The Archbishop’s face turned red and the muscles in his jaw and necked bunched up. He turned to me, pointed a finger in my face, and, pounding his fist on the arm of his throne-like chair, started shouting, in English, words to this effect: “This population explosion is all the fault of women! It began with Eve, the original deceiver of the first man. They know when they’re fertile and when they’re not. They must learn to be chaste and control themselves!” He was trembling with rage.
Saying, “Sorry, sorry,” in Spanish and English, Elizabeth and I backed out of his office as fast as we could.
On April 22, 2008, The Christian Science Monitor[xxv] reported on the growing crisis of rice shortages in Asia, noting that one of the biggest problems in the region is the Philippines, which is experiencing a population explosion of about 2 percent per year. The Philippines is also the only large country in the region that is predominantly Catholic.
The Archbishop was correct in his theology (if not in his ethics). You could argue that thousands of years ago, as agriculture and stockbreeding became widespread and led to rapid increases in human population, placing stress on local environments and bringing tribes into collision with each other in the search for food, the group with the largest army ultimately was the one with the greatest probability of survival. This meant that while the men were increasingly being dedicated to and worshiping a male, violent, angry, warlike god, women had to move away from the role as co-equal member of society that had characterized pre-agricultural times (and still generally characterizes pre-agricultural indigenous societies today) and into the role of breeding stock.
For Americans, perhaps one of the most visible relics of this is the Fundamentalist Church of Jesus Christ of Latter-Day Saints (FLDS), which in 2008 was involved in a high-drama battle with the Texas Department of Family and Protective Services. Central to the teachings of this church is the idea that one of the fastest and most reliable routes to salvation and eternal life (in the afterlife) is for men to have as many wives as possible and for women to have as many babies as possible. A result of this was the spectacle the nation witnessed in the summer of 2008 where groups of five, ten, fifteen, and in some cases as many as twenty women were appealing (mostly through Larry King Live on CNN) for their more than four hundred children to be returned to them—the total number of “fathers” of these children was minuscule.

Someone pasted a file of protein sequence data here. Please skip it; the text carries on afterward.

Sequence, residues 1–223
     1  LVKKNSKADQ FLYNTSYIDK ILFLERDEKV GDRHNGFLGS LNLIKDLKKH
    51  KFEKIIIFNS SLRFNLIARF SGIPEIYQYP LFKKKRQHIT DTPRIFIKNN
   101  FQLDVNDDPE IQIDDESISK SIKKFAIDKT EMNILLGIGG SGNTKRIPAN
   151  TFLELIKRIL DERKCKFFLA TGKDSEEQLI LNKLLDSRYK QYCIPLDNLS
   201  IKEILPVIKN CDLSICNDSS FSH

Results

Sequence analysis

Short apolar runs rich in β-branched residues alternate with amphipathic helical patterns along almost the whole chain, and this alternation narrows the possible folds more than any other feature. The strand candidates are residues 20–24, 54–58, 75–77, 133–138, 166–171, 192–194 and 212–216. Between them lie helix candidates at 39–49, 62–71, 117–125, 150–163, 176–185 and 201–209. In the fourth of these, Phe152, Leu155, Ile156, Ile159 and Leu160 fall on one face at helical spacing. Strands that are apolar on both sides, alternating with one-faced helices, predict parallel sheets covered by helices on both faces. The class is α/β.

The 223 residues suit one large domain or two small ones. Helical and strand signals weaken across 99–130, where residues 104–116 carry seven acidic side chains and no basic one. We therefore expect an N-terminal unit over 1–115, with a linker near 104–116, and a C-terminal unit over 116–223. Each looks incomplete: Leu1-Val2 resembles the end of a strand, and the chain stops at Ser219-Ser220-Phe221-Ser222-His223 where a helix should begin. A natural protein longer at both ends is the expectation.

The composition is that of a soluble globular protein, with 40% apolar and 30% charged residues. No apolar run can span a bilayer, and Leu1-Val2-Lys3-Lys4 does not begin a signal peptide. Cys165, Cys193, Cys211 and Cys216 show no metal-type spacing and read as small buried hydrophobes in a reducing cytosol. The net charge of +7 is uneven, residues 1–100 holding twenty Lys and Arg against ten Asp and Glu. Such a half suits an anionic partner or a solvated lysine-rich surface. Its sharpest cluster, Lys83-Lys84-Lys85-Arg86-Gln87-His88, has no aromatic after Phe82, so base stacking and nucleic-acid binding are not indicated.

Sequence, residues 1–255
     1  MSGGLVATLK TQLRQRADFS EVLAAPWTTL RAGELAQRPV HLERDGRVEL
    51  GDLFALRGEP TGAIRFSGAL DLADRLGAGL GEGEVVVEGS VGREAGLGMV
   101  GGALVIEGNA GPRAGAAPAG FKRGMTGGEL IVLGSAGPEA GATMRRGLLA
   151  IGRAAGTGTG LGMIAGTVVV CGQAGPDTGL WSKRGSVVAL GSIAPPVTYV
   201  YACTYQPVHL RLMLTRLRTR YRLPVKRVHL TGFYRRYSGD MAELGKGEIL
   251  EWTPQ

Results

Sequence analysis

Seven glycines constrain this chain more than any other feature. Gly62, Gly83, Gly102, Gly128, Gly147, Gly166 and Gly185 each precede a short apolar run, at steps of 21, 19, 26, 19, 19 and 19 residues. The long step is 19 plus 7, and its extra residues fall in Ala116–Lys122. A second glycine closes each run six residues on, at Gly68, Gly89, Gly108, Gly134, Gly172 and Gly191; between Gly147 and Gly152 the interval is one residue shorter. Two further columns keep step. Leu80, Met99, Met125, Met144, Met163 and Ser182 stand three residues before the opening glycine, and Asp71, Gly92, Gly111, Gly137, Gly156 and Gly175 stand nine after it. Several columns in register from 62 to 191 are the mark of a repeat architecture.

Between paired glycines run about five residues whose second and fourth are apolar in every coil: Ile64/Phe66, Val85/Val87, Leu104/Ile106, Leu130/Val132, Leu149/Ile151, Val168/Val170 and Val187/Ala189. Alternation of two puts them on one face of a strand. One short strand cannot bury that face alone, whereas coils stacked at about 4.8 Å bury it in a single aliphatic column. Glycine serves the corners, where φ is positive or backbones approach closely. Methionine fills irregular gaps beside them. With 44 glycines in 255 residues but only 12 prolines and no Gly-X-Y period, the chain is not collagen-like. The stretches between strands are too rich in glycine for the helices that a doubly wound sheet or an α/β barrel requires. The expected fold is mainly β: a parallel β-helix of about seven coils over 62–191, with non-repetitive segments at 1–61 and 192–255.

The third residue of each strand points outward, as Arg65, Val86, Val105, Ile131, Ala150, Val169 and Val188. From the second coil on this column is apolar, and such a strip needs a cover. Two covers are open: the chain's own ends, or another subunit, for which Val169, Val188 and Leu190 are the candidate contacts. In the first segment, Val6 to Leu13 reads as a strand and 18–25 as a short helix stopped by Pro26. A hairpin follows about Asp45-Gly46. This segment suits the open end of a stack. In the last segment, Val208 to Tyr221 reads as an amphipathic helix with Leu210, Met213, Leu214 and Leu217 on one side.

In a warrior society, a society embroiled in constant violent battle with other tribes, this kind of situation wouldn’t be considered abnormal or problematic. With so many men killed off in battle, polygamy and fecundity would be evolutionarily appropriate responses. Thus Solomon with his seven hundred wives, the widespread tradition in Arab society of up to four wives, and so on.
But in north-central Texas the men aren’t dying in droves at the hands of other men. So, instead, the FLDS keeps a careful watch on their young boys. If any of them shows the slightest inclination to challenge the power structure of the older men, or has any deformity or defect that the society doesn’t find useful, when they became teenagers they are expelled, sometimes as brutally as being driven to the “skid row” part of a nearby large town and forced out of the car. This has led to entire colonies of hundreds of “lost boys” in towns near FLDS communities, while back at the ranch their mothers take daily ovulation tests to determine when they were most fertile, and teenage girls are sometimes married off at first menstruation, playing a role only slightly elevated from that of the cows in a factory farm.
While this is an extreme example of how dysfunctional a culture becomes when its core belief system is based on driving up its own population, it is also an example of a culture that, because of that growth, has survived. There are more FLDS members in the United States now than there were a century ago, when the group split off from the main Mormon (LDS) church over the issue of polygamy. For that matter, there are more FLDS members now than there were Mormons during the lifetime of Joseph Smith, who founded what became both sects.